Liz Gannes

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I/O Preview: Google Set This Week to Challenge Amazon, Sonos, Apple and … Oh, Just Fill in the Blank Here

This week, some 5,500 developers will converge in San Francisco for Google I/O to listen to the search giant’s latest and greatest plans for Android, Chrome and other products.

And, of course, to pick up the best swag in the conference business.

Tickets to the sold-out show — which buyers assume include at least a couple shiny new Google-powered devices — have gone for as much as $4,500 on eBay.

But Google I/O isn’t going to be the place to get an overarching view of Google’s priorities for the next year — CEO Larry Page isn’t even expected to speak, given that he’s lost his voice.

Instead, the summit focuses on Google’s developer-centric offerings, such as Android and Chrome, and not its mainstay — and bill-paying — search and advertising products.

Past presentations don’t necessarily reflect projects that are ready for primetime — remember the hypnotizing effect of the first Google Wave demo in 2009, or the comedy of errors when Google TV failed to work in its debut in 2010?

A spokeswoman for Google said the main areas expected to be covered in the 2012 keynotes are Google Maps, cloud, Google Drive and Android.

In addition to the keynotes, there will be some 130 sessions across all Google product areas, as well as more than 300 organized viewing parties for the I/O livestream.

The spokeswoman also noted that Google had purchased 1,500 pounds of snacks for the Moscone event. (Sweet treats apparently aren’t just for Android update names.)

These are the big product announcements we expect at I/O, which runs from Wednesday to Friday at Moscone Center in San Francisco:

Google cloud: Google is working on a cloud services platform, as GigaOM has reported. The offering would compete with Amazon’s popular EC2 infrastructure-as-a-service platform and would also be aimed at enterprise developers.

Android home entertainment device: This is to be the first product out of Google’s Android@Home division, which was annnounced with much fanfare, but no products, at last year’s I/O. As reported by The Wall Street Journal, the device is meant to compete with Sonos, and will wirelessly stream music and probably video, while being controlled by a smartphone or tablet. It’s being designed and marketed under the Google name, rather than with a hardware platform.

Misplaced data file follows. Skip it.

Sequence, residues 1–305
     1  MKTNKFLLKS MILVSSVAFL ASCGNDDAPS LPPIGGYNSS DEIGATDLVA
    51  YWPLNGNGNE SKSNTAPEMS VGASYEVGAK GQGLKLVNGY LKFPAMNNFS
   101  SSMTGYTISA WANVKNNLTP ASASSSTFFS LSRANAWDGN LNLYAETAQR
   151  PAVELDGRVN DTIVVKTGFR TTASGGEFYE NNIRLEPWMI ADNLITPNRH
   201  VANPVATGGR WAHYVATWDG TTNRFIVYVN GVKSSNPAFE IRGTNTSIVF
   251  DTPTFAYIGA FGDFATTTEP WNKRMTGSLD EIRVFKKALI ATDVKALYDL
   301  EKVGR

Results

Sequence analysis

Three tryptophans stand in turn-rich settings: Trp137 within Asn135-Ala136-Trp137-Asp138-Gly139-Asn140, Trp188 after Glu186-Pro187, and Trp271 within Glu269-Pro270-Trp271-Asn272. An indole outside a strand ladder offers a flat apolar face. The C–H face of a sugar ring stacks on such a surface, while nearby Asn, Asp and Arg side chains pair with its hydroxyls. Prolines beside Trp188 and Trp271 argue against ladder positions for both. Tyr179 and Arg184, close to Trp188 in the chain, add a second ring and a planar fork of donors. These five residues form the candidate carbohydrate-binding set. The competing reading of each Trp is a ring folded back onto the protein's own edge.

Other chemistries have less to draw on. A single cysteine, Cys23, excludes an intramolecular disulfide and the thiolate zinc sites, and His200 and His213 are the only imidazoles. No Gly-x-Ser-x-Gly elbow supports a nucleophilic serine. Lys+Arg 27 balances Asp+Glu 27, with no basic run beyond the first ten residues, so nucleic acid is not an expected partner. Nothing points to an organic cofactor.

Tablet: Google is widely expected to produce its own take on the tablet, much the way it has done on the phone side with its Nexus series of devices. On the phone side, Nexus has provided a way for Google to show what it thinks an Android device should look like — both in terms of hardware features and also in Google software and services.

The interesting thing to look out for is what Google articulates as missing from the tablet market. Arguably, there is plenty of hardware out there. There are devices from seven inches to 13 inches, and at every price point. Some are inexpensive Wi-Fi-only models, while others are high-end devices with built-in cellular modems.

The big things missing, thus far, have been compelling applications and services. Google has pushed hard to get developers to write more tablet-specific programs, but the effort has drawn only modest success, as the company fights the inevitable chicken-and-egg problem. There is more opportunity for Google on the services side, assuming the company is able to bring more content — or content in new ways and business models — to the tablet.

Android Jelly Bean: Continuing in its alphabetical list of sugary treats, Jelly Bean is the next version of Android. Google tipped its hand last week that the operating system is likely to be Android 4.1 — which would seem to indicate a modest, though not major, update to the software. It’s not all that clear what new features the software will bring, but it is likely to come to at least some new devices by the end of the year, as well as to some of Google’s existing Nexus products.

Maps: It’s less clear what Google will do to update its popular mapping products, but it’s a timely topic, given that Apple just debuted its new Google-free iOS maps application. An iOS SDK for Google Maps would be a start. Earlier this month, Google had teased new features such as 3-D models and offline mode for Android.

“We look forward to providing amazing Google Maps experiences on iOS,” wrote Jeff Huber, Google’s head of commerce and local, in a Google+ post this past weekend.

Wallet: We’ve heard indications that Google was likely to introduce a mobile payments app. Such a move could indicate a shift away from NFC and toward a cloud-based approach to physical payments, which would be similar to rival PayPal.

Google+: Somewhat surprisingly, we haven’t heard much about plans for a full Google+ API at I/O, even though the company had publicly projected that it would be an upcoming launch. A platform would seem important for the supposed “ghost town” social network to get more content flowing into and out of its system. Google’s head of social, Vic Gundotra, is a fixture at I/O as perhaps the biggest showman at Google and its most zestful deliverer of jabs at competitors like Apple and Facebook. Sources said he’s expected to appear onstage.

(Images courtesy of Igor Stepovik/Shutterstock; Google)

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